Letters From the Class of ’22: Elliot Kovitz


High school is a long journey. More on that in a moment, but before you get caught up in it, one reminder: High school does end. Seriously, take some time to process that, because even with just over a month left in my time here, I’m still not convinced it’s true. God knows before senior year I never thought I’d leave this place, first because in freshman year it seemed so far away, and then because of … a certain prolific strand of RNA.
But enough of that, because thinking about it makes me sad; not because I don’t want it to end, but because I’ve been through more, and grown more, than I ever had in the rest of my life combined. It’s been absurd sometimes: from the exchange students’ (in)famous performance of The Arsonists, (better known as the “MISTER BIDERMANN!!” play), to a senior (whom I’ll leave unnamed) whirling around with his arms outstretched demonstrating his planned helicopter/parachute design during his senior project presentation. He went on to tell us that his plan to test his design was to jump off the roof of the school while wearing it, but that the senior project committee wouldn’t let him. He’s at Harvard now.
For all that, I looked up to all the classes above me. When I was an underclassman, it wouldn’t be a stretch to say I idolized them, and even as a junior, I respected the seniors deeply. And I can say they earned it. If it weren’t for them, I wouldn’t have loved theater and stuck around the way I did. Now my connections in that department are among the most meaningful in my life, and the sawdusty smell of the shop is the smell of home. More recently, last year’s seniors introduced me to Scholastic Bowl, and even though I was closer to them in age, their knowledge and experience and openness to me as a latecomer made it so that they meant just as much to me as any other class. (Except when they beat me in a buzzer race. Then sometimes I forgot…)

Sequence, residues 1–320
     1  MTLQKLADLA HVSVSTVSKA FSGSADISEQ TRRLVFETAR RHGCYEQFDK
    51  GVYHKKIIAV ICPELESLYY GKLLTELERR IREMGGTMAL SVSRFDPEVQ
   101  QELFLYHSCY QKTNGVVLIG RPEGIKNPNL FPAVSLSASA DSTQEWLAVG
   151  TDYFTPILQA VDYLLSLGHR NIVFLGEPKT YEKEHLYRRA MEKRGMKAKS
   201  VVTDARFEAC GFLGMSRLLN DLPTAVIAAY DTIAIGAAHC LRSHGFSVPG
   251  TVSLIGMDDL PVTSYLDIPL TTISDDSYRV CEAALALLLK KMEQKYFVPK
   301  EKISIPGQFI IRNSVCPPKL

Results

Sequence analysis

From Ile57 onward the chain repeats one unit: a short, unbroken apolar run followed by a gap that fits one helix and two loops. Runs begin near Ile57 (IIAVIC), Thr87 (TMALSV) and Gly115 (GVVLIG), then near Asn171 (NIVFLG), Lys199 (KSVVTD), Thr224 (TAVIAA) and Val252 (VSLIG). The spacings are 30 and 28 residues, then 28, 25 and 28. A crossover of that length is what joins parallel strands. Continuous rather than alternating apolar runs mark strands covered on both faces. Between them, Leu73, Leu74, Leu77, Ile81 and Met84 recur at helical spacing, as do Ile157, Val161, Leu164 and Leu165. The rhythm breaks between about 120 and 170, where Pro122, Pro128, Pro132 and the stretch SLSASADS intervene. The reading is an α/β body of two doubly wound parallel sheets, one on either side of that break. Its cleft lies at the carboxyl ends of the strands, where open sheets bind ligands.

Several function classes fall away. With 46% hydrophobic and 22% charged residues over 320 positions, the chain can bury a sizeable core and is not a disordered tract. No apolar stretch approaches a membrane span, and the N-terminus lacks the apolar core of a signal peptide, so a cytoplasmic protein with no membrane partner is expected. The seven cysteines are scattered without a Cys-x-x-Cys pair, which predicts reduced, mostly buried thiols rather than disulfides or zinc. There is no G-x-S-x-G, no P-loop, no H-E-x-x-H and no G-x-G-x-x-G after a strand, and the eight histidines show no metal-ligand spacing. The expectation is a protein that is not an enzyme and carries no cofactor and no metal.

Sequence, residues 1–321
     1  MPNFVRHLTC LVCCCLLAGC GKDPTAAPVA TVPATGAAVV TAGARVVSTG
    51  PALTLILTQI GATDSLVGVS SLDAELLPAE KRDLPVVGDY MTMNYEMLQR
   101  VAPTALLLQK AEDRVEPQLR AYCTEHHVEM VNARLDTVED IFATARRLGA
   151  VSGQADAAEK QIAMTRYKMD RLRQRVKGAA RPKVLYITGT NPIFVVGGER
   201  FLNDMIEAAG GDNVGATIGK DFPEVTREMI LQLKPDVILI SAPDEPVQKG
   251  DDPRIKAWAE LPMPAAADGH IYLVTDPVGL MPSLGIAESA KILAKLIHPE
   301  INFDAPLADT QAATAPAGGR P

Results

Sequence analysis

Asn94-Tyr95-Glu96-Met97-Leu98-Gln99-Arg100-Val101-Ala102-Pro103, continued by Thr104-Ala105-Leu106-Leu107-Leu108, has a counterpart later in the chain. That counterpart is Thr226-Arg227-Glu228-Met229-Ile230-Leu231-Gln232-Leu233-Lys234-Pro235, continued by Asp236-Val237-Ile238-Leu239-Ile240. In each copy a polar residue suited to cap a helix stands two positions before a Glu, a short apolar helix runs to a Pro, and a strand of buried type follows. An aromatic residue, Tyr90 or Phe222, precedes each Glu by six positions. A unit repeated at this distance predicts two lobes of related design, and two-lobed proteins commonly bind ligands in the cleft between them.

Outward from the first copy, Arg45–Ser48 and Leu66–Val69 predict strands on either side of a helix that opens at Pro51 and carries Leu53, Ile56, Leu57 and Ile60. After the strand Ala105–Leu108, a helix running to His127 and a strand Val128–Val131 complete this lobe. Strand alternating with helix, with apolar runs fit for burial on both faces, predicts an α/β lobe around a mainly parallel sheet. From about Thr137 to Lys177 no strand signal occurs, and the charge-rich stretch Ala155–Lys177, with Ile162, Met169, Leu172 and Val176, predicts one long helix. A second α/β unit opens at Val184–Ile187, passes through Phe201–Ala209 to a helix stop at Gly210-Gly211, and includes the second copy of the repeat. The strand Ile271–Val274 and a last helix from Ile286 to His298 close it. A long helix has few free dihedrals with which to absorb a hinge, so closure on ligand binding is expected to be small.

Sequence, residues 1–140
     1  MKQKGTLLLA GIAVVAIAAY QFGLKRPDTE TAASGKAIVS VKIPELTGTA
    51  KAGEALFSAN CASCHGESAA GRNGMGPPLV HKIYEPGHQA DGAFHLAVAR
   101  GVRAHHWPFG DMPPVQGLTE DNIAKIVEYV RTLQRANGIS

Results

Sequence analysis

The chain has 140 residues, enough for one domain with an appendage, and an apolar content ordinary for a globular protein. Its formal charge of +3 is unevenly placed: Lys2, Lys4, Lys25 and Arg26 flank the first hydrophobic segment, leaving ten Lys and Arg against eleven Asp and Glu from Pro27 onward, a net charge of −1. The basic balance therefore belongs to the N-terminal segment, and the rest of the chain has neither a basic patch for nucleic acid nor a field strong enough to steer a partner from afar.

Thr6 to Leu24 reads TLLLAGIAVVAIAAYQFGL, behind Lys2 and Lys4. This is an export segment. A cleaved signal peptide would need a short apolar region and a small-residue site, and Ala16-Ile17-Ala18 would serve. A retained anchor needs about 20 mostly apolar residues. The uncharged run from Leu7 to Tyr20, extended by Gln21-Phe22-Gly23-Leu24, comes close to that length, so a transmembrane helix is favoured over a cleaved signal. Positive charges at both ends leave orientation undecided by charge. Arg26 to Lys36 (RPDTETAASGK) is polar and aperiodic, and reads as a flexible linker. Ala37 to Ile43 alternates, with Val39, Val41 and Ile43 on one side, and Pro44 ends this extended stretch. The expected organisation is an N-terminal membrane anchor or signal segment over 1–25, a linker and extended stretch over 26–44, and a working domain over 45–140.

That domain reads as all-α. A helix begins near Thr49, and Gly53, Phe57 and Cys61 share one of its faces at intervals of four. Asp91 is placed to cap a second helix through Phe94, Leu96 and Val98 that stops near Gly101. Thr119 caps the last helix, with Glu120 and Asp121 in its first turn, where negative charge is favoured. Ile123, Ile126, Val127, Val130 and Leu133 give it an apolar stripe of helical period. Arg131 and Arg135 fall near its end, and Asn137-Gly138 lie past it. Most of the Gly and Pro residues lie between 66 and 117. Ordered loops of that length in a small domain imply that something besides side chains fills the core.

So I’ve tried to be like them. Underclassmen, on occasion we do find you annoying. I should tell you that before I get into this. Fourteen, as you’ll discover, is a lot younger than 18. However, behind all of the rolled eyes is a real desire to see you succeed. Before I leave, I want you to know that. We’re proud of you. We didn’t have to deal with a COVID freshman year, and y’all are absolutely doing the best you can. The point is, don’t be a stranger. Maybe even let us take you around our school when the time comes for you to visit. I promise we’ll be happy to see you.
Alright, I can no longer suppress my desire to give some advice. Feel free to skip this part if you’re tired of listening to seniors tell you things you probably won’t remember, but here it is. The first thing it took me a while to realize is that my teachers are really, truly, 100% human. This isn’t a realization they really encourage you to have in Middle School, but I think the sooner you can internalize this in high school, the better. So, y’know, don’t be a jerk. We’re lucky to have very professional teachers here at Latin, but you should still not make them hate you. It’s not all bad news, though: It means that if you take the time to get to know your teachers, you will be rewarded. So many teachers here have fascinating life stories, and it has been one of the greatest pleasures of my high school career to get to know them and learn from them. Who’d have thought that Mr. Coberly was fully a lawyer before he taught physics? Or that he’s the resident Iceland expert, and his thoughts on the country and the language are actually fascinating? So reach out, because you never quite know what you’ll find.
And the second thing: Try everything. Sign up for a bunch of clubs, and go to one meeting. If you hate it, fine, you never have to go again. But you’ll never know what you love if you don’t give it a chance. I hardly do any of the same things I did as a Middle Schooler. I’d never even heard of Scholastic Bowl in eighth grade, and I was the captain this year! The point is, trying new things in high school is awesome.
A lot of these letters end with some consideration of Latin as a whole. I can’t really give you that. Latin has its problems and its hidden gems. It’s a school and it’s a business, and of course, it’s imperfect. I’ll stay where I’m more familiar: The people I’ve met here have meant more than I can possibly express. I know that will be true, whatever else Latin is to me. It’s the place where I’ve developed some of the most meaningful relationships of my life. And it’s where I’ve been through some difficult times, but whether they’ve known it or not, every time that’s happened, someone in the community has been there for me. And for that I will forever be grateful.
And so ends a chapter of my life. For the first time, I must truly say: goodbye.